Wednesday, March 5, 2014

Hump Day & 70% Training

It's Wednesday and I didn't get much sleep last night. II was tired this morning and thus my workout wasn't as stellar as I had wanted. But as we all know that happens from time to time. You suck it up and reengage the next session. I adjusted my training this week, and will be working with lighter weights with a bit higher frequency.

I've been reading a lot about the 70% rule and I'm starting to like the idea more and more. Especiaally as I'm trying to remain injury free (my lower back and it's history of problems). The idea is that the average intensity/weight selection is around 70% for a training block or annually. This goes back to the Eastern Bloc coaches that found athletes below the elite professional levels benefitted more from keeping the weight averaged at 70%. Obviously there are periods where heavier or maximal weights are used or periods of volume with 85% or more. In order to make progress and increase your 70% you have to increase your max.

For most people, there isn't too much of a need for using maximal weights frequently. Certain sports or activities require the ability to move maximum weight, but the majority of people will never need a to do a maximal squat. It took me long time to get over my headstrong SKWAT HEAVY OR DIE mentality, but my own experiences have moved me away from that. I also used to have a strong dislike for endurance sports that I am now overcoming. Maybe it's due to getting a bit older and seeing a bigger picture of health and fitness. Maybe I will get a bike.

Extreme endurance sports are one thing that I will never fully embrace. You will never see me run a marathon. I would rather sprint or do track and field type events. But one of the reasons I moved away from Olympic weightlifting was overall health and fitness. I spent so much time and effort working on the lifts that I neglected other aspects of fitness and I wasn't in the best shape. I go to a point where I was never going to go anywhere with it and it was time to move on. I'm glad I did and feel much better now. I've been able to embrace running a bit more, especially provided some scenery (the Canyon or other local areas around the Mountains here in El Paso).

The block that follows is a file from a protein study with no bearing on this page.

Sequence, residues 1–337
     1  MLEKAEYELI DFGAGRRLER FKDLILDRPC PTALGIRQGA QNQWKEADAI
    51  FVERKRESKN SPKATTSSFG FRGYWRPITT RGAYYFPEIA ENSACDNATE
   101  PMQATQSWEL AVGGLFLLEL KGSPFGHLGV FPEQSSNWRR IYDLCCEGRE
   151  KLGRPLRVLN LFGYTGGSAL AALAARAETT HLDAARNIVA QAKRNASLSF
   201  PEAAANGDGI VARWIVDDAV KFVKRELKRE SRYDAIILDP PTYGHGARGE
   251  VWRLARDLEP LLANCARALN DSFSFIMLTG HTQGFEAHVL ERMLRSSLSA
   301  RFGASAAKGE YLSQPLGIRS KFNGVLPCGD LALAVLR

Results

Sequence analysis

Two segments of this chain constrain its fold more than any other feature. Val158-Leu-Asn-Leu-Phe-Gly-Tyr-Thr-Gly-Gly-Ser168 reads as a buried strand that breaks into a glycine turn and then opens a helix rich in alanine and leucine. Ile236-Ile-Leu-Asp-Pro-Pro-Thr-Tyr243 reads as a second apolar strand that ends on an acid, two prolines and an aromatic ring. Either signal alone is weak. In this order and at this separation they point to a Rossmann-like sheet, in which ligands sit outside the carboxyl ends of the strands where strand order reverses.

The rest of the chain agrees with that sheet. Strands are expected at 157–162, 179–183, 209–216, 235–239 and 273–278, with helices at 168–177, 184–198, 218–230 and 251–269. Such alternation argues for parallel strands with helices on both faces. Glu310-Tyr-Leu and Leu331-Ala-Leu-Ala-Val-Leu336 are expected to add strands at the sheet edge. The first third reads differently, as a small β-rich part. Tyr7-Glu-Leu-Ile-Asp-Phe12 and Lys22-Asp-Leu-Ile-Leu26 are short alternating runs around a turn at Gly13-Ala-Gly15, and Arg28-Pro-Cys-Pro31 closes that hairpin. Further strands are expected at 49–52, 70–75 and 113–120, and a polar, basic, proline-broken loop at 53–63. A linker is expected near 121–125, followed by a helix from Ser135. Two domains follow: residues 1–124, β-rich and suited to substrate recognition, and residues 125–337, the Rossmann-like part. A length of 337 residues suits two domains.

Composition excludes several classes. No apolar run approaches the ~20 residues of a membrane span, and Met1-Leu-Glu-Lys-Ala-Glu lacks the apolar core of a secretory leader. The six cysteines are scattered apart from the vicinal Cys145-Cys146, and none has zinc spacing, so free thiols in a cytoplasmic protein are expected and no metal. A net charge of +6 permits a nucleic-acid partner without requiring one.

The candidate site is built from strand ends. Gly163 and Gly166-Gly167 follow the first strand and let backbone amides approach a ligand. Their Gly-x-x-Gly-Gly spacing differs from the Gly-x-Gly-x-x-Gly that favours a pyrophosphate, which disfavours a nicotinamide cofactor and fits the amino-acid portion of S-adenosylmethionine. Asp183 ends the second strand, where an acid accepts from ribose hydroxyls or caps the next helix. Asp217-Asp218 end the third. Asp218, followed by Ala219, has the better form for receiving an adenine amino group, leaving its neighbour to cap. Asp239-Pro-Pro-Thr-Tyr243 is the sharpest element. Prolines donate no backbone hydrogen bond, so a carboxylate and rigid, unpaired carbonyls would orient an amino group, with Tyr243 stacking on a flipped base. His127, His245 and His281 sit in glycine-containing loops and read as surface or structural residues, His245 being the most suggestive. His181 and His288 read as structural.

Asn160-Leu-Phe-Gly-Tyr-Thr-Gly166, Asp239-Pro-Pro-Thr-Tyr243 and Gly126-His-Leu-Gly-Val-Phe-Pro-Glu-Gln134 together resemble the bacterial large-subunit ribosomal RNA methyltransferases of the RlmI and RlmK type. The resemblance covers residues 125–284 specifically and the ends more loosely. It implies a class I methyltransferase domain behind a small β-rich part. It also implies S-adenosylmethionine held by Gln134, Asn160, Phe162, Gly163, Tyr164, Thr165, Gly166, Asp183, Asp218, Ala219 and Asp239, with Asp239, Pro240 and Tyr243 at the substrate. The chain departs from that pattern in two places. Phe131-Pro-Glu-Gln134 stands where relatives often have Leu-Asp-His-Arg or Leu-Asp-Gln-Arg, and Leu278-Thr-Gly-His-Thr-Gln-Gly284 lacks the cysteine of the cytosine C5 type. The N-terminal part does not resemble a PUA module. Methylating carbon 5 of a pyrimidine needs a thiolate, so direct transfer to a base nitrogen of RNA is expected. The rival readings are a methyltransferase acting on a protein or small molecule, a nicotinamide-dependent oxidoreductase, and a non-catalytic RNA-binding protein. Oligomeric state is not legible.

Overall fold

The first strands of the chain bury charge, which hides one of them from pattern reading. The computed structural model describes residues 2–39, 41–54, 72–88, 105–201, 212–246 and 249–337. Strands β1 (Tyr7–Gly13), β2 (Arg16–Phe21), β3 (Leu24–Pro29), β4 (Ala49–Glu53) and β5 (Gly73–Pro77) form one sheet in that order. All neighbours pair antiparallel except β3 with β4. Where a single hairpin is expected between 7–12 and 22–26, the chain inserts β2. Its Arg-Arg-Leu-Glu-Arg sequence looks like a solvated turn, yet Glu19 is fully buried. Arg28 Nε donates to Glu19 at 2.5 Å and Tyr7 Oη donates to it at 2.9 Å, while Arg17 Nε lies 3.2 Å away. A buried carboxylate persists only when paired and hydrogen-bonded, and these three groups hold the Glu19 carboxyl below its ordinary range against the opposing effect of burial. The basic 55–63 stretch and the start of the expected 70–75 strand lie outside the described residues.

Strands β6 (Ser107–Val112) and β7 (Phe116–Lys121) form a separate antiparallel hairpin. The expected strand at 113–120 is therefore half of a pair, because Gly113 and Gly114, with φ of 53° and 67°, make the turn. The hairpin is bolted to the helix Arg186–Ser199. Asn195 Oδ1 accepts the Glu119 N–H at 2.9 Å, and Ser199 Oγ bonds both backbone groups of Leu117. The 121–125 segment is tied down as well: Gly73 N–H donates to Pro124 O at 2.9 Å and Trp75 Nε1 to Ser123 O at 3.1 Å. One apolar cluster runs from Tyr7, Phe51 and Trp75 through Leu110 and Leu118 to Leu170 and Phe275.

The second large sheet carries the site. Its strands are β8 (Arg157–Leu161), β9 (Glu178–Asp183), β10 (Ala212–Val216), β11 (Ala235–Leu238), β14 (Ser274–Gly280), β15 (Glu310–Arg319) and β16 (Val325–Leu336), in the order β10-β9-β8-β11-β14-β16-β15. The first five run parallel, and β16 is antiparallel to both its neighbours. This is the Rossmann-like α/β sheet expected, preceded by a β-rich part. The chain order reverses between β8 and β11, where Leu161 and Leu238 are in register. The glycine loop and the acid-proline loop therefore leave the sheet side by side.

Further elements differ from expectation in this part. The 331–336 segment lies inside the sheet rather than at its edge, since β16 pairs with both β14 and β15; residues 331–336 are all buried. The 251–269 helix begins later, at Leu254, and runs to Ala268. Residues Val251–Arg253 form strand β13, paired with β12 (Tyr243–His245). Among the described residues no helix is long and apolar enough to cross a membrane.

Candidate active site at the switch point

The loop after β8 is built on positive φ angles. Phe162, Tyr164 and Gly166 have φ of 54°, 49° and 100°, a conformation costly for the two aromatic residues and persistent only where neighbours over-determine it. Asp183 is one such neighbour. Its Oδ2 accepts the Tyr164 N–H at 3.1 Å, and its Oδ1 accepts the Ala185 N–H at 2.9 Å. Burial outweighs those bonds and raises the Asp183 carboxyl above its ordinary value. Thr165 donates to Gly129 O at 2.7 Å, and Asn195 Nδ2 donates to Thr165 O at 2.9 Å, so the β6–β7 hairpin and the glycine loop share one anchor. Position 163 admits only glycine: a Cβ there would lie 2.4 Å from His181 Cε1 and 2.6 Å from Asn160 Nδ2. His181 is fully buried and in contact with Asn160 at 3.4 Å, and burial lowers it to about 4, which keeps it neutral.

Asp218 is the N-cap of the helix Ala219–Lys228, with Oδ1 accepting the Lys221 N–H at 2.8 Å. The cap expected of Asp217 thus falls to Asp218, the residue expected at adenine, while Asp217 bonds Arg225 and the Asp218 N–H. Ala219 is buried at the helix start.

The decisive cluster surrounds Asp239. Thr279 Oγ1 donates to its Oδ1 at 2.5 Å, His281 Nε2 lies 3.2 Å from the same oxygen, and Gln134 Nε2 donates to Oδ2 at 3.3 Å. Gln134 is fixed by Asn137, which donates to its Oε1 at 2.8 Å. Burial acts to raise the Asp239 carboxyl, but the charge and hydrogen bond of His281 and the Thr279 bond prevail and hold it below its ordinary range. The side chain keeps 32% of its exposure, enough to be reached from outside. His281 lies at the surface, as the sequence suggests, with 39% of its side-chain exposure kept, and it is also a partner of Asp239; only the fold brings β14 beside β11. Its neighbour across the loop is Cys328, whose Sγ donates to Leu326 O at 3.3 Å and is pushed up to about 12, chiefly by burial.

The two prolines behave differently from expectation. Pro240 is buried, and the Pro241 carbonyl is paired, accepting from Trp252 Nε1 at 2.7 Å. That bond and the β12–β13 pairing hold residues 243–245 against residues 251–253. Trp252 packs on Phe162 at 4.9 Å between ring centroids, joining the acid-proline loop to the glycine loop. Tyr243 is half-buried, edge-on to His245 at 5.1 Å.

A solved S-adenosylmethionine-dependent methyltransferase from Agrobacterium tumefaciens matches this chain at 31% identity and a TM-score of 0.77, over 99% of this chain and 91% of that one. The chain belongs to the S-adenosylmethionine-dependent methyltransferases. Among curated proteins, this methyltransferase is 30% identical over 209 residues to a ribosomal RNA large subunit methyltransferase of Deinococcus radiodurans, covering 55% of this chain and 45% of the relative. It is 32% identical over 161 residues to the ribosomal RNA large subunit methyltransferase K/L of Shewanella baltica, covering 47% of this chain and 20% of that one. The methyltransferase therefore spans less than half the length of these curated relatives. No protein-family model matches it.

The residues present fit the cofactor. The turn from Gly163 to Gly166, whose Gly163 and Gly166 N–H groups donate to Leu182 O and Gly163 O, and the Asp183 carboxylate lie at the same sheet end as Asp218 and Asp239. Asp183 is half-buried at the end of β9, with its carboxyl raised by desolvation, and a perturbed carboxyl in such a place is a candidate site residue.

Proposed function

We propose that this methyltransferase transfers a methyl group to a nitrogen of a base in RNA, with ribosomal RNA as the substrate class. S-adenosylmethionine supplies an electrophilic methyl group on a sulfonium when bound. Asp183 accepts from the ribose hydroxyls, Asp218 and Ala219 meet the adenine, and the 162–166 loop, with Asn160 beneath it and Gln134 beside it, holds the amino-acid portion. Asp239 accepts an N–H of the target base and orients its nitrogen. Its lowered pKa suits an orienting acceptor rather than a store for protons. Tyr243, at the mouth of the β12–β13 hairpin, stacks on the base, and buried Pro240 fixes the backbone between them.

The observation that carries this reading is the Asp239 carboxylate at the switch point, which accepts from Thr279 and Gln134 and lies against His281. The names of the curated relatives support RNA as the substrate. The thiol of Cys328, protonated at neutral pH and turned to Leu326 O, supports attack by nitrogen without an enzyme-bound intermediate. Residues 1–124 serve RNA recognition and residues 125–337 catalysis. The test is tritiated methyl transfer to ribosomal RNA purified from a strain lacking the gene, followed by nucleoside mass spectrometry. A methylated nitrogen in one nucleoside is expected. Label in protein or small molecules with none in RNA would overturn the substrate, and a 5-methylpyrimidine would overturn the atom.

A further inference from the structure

I love to train and lift weights. But in order to sustain the ability to do so, you can't push your maximum effort and weight all the time and expect to always be ok, especially as you get older. Therefore, 70% will be where most of us need to be most of time, with specific periods dedicated to increasing rep maxes.

This post was a lot of personal rambling, but the bottom line was the adjustment to working in and around 70% for awhile. Sessions may be a bit longer and I am looking at a heavy day every two weeks or so. Plus with the field time and training coming up it will be difficult to commit to a regimented program. I need to be flexible for awhile until everything stabilizes then move back into pushing maxes.

So anyway for hump day:
 

Monday, March 3, 2014

Monday Motivation

Overslept my usual Monday morning workout. Needed some motivation. 
 
 





Sunday, March 2, 2014

Sunday Morning Thoughts: "What Differentiates Effective Training"

I came across a good article this morning: "What Differentiates Effective Training"

The article discusses the most important factor that creates effective training and how important communication is with clients. 


"I realized the differentiator is simple – it is the coach’s ability to digest the science based data and clearly and concisely deliver the message to the clients. Bottom line, athlete-clients need to understand why they are doing particular workouts and consistently be reminded as to how it relates to their overall goals, in order for them to tackle workouts with purpose. It is ultimately the athlete’s understanding and intention which allows them the gain the every ounce out of every workout, contrasting with the client who mindlessly gets through the time and ticks off the box."

This is something I struggle with when I work with people and sometimes subordinates while conducting physical training. One issue is that we are usually conducting training with them instead of coaching. There is a reason for what we do and a purpose for which we are working, but sometimes articulating that reason and purpose is difficult, especially when you are training and trying to get a good workout in with them. People need a purpose and an understanding of what they are doing and why they are doing it. I have to do this for myself when creating my own training programs and be careful not to get lost in having too many end states.

This is critical for leaders to understand and critical to creating an effective work environment. As I transition into the civilian world from the military, I have to make sure I am on top of my game and can deliver effective communication. I will be keeping this in mind this week as I contact recruiters and go after job opportunities.